How to help your child communicate

Communication is necessary in order to understand and interact with the world around us. It includes all the ways we comprehend and connect with others. Our ability to communicate is a reliable predictor of our quality of life. We begin communicating even before we are born and continue to develop skills throughout the rest of our lives.

Childhood development is the foundation for learning essential communication skills; first words are said and first friendships are formed. With any skill, however, some children acquire language more naturally than others. Some children can experience difficulties learning to express themselves and knowing what others are trying to convey to them, ultimately leading to frustration and even problematic behaviors between both parties.

Fortunately, communication development is dependent on the environment and stimuli the child is exposed to. This involves toys, family members, peers at school, and teachers or caregivers, highly influencing children as they act as sponges throughout growth. By being aware of this, we can use specific strategies to help foster proper communication development and teach children new skills.

Ways to help improve your child’s communication skills:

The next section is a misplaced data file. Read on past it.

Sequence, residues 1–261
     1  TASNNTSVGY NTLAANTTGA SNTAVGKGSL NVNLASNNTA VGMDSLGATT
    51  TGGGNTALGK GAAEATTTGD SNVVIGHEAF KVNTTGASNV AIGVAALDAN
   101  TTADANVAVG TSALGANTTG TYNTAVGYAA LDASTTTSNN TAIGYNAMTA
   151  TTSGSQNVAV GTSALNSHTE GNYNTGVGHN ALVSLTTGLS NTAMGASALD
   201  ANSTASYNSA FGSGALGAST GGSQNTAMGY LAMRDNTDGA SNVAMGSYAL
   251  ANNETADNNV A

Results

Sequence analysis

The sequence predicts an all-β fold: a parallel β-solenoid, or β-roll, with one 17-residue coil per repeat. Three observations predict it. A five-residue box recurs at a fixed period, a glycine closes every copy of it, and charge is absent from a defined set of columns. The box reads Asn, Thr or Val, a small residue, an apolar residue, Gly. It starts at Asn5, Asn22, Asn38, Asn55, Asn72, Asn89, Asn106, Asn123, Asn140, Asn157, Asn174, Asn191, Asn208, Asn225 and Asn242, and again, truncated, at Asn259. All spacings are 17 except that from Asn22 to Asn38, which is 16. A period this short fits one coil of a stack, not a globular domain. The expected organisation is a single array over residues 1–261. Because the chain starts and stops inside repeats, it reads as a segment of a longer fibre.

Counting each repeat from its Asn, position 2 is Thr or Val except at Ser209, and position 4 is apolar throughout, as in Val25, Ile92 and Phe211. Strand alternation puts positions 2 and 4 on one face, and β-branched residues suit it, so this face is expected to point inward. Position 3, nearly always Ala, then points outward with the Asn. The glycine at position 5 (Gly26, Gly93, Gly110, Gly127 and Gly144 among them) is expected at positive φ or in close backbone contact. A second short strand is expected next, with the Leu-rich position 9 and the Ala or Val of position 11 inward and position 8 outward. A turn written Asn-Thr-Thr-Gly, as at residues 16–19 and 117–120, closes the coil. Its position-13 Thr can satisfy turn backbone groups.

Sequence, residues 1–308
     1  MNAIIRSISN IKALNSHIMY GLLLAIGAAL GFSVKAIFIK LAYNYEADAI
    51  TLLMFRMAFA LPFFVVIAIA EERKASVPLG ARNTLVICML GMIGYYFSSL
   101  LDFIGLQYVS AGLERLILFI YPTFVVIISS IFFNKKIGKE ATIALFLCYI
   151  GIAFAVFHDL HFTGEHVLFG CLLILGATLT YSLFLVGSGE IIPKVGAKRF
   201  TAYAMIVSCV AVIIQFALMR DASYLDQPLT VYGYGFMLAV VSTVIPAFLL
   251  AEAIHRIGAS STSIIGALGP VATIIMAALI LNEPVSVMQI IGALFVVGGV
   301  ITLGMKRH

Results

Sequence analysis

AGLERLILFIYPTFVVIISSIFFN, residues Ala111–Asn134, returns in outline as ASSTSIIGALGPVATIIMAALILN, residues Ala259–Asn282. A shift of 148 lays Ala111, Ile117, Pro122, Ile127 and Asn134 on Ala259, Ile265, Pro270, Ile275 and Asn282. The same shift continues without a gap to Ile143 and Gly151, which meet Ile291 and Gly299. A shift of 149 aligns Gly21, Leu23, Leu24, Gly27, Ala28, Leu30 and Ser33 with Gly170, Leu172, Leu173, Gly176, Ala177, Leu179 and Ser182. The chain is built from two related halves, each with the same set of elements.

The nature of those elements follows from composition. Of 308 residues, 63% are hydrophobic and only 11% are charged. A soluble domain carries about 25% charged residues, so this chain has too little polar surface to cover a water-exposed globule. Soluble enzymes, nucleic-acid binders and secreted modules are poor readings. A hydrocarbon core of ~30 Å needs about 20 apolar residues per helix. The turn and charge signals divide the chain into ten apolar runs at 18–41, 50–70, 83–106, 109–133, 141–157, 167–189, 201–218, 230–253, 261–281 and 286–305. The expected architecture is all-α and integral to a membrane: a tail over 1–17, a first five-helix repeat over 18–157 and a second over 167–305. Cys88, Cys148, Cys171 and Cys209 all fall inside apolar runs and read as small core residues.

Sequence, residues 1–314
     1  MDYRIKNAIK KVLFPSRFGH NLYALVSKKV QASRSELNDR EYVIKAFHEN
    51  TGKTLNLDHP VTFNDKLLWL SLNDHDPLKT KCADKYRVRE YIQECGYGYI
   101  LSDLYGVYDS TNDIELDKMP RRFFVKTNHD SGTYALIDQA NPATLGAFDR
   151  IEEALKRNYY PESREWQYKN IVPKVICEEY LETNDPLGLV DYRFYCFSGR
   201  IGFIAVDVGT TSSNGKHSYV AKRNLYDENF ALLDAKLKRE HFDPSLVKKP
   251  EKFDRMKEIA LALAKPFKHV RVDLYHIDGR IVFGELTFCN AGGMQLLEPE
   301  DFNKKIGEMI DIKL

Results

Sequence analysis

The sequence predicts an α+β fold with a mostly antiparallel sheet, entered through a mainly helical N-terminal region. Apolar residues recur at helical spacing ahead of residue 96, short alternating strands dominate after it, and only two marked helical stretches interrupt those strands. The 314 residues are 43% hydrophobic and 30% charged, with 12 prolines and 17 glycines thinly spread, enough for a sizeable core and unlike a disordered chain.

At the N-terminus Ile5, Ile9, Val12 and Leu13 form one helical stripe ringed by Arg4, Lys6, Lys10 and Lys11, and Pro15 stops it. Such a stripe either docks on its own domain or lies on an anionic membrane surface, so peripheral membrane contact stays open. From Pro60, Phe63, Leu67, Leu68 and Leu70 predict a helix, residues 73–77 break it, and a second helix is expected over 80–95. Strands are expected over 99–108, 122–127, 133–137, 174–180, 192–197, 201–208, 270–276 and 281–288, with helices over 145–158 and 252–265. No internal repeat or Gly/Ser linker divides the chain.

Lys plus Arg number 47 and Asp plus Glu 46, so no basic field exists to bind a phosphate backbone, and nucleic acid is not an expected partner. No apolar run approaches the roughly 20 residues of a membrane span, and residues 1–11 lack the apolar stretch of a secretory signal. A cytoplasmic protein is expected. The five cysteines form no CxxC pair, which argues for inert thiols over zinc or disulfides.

Reading Picture Books

No matter the age, reading is always an effective way in improving our language skills and widening our vocabulary. Particularly for children, hearing words and seeing the picture allows them to make the connection between words and objects.

Good Role Modeling

Children absorb anything people say or do around them. By being aware of when you are being watched by your child and communicating how you would like them to, they can pick up on such skills through observation. 

Effective Responding

Based on how many words your child can use at a time when talking about a topic, you can also respond back in a way that facilitates their learning. This is done by responding in complete sentences and adding more words than they had originally said. An example of this can include:

Child: “Dog!”

Caregiver: “Yes, that is a dog!”

Narration of Routines

Simply saying what you are doing in simple terms as you do them can allow your 

child to make a connection to your words and the tasks being completed.

Provide Undivided Attention

When your child is attempting to communicate with you, it is important you provide your undivided attention. This may include stopping what you are doing, making eye contact, and giving an effortful response. Attention is a positive reinforcement for most children and can motivate them to continue their language development.

Practice Nonverbal Communication

Nonverbal communication is just as important as verbal communication. It can be practiced by demonstrating cues and asking your child what they think it means, followed by providing a correct answer. For example, you can practice what emotions are represented by different facial expressions or what gestures, such as waving, can indicate.

Teach Nursery Rhymes

Childhood rhymes such as “Twinkle Twinkle Little Star” and “Mary Had a Little Lamb” are actually highly beneficial for language development. Not only does it promote memory usage, but it also allows children to practice pronunciation, sound out vowels, and comprehend what they are saying about the story. It also exercises oral muscles as well that may not be activated through normal speaking due to the rhymes, rhythm, and pitch of the songs.